• Increased patient satisfaction and engagement: Hospitals use patient satisfaction and patient engagement to determine the overall quality of care. If a patient must wait hours or even days to receive mental health care in the hospital, their satisfaction with the experience might be low. Patient satisfaction with Telepsychiatry is generally high. According to a study including telepsychiatry statistics, most people who used telepsychiatry were comfortable with the experience and would use it again. A survey conducted during the COVID-19 pandemic found that more than 75% of people were very satisfied with their telemedicine experiences.
  • Increased revenue: The COVID-19 pandemic significantly increased the adoption of telemedicine across many health care specialties. As that adoption rate continues to rise, telemedicine could grow to account for $250 billion in revenue. Emergency departments and hospitals might use telepsychiatry to add another revenue stream. With remote psychiatrists on deck, emergency departments can facilitate treatment for more mental health patients and free up team members to treat other patients. Increased patient capacity translates into increased revenue. The cost of providing virtual care is typically less than the cost of in-person care, another financial benefit of telepsychiatry.

TELESPECIALISTS TELEPSYCHIATRY SERVICES

Mental health emergencies cannot wait. At TeleSpecialists, we partner with health care facilities to offer comprehensive TelePsychiatry services. Each facility that works with us goes through a thorough implementation process to establish the necessary protocols and resources to support your patients. Here are some of the benefits of our services.

  • Board-certified psychiatrists: Our board-certified psychiatrists are here to help your patients with a wide range of mental health concerns. They can assess patients and determine the next steps for their treatment.
  • 24-hour access: Mental health emergencies do not only occur during regular business hours. Our TelePsychiatry services are available to your patients 24 hours a day, every day of the year.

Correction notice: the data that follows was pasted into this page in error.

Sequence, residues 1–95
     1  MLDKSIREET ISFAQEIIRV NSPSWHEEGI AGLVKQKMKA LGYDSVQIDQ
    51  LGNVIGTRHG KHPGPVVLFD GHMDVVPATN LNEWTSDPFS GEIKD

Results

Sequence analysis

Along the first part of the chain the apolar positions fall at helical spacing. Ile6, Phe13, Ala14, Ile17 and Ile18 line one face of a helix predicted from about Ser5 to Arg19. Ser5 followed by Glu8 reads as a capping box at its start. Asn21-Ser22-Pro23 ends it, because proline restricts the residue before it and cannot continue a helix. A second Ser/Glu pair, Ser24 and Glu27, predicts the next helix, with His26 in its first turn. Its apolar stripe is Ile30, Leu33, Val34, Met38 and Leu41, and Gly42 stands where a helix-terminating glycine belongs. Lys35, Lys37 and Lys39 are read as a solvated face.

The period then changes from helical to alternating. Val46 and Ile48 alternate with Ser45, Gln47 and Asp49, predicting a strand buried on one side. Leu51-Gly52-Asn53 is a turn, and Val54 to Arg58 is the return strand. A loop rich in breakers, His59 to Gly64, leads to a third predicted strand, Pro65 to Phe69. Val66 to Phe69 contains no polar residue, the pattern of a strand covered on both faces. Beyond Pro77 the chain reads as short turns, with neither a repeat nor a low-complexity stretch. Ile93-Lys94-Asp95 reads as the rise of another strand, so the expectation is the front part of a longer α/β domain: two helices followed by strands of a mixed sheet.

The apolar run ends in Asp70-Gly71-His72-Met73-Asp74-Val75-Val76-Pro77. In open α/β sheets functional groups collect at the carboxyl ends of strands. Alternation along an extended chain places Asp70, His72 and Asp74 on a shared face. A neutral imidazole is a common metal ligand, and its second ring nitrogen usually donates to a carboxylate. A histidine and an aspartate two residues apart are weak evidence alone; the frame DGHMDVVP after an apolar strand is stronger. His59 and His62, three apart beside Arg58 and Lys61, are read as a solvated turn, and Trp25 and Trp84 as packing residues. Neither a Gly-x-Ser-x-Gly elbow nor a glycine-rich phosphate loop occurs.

• Rapid on-screen presence: TeleSpecialists strives to provide a psychiatrist on-screen within one hour.
  • Operational support: We also provide operational support. The facilities we work with receive support for revenue cycle management and optimized regulatory compliance.
  • Quality metrics: Through our TelePsychiatry services, you’ll have access to real-time quality metrics, easy-to-access reports and process improvement tools. You can use these features to identify areas that need improvement in your facility and ultimately boost workflow and increase patient satisfaction.
  • Integration with existing technologies: Our services integrate with existing technologies, allowing our psychiatrists to provide documentation and write orders in your electronic health record.

If your facility is looking for a way to enrich its mental health services, we are here to help. Contact us to learn more about our TelePsychiatry services.

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Nattasha Acevedo, MD

Dr. Acevedo received her medical degree from the Ponce School of Medicine in Puerto Rico and did her neurology residency at Montefiore Medical Center in New York. She went on to do a clinical neurophysiology fellowship at Emory School of Medicine in Atla nta, Georgia and then joined private practice in Fort Myers, Florida. She currently resides in San Juan, Puerto Rico. She likes running, paddle boarding and spending time with family.
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Bernadette Borte, MD

Dr. Borte received her medical degree from St. Matthew’s University School of Medicine in Grand Cayman. She completed her neurology residency at the University of Iowa Hospitals and Clinics in Iowa City, Iowa. Her areas of interest include inpatient neurology and acute stroke. When not working, she enjoys spending time outdoors with her family. Dr. Borte joined the TeleSpecialist family in March of 2019.
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Mazen Almidani, MD

Dr. Almidani is board certified in pediatrics by the American Board of Pediatrics and board certified in epilepsy, as well as neurology with special  qualification in child neurology by the American Board of Psychiatry and Neurology.  Dr. Almidani is happily married with 4 children. His oldest son has autism and his daughter has complicated seizures; both were a drive for him to become a neurologist. Dr. Almidani enjoys soccer, running and spending time with his family. He is very involved with his sons’ therapy and helping with daily challenges. He is double board certified in Pediatric and Adult Neurology and Epilepsy. He sees children and adults. He also participates in charities for children in Syria who may be underprivileged and/or affected by the war. Dr. Almidani joined TeleSpecialists in August 2020.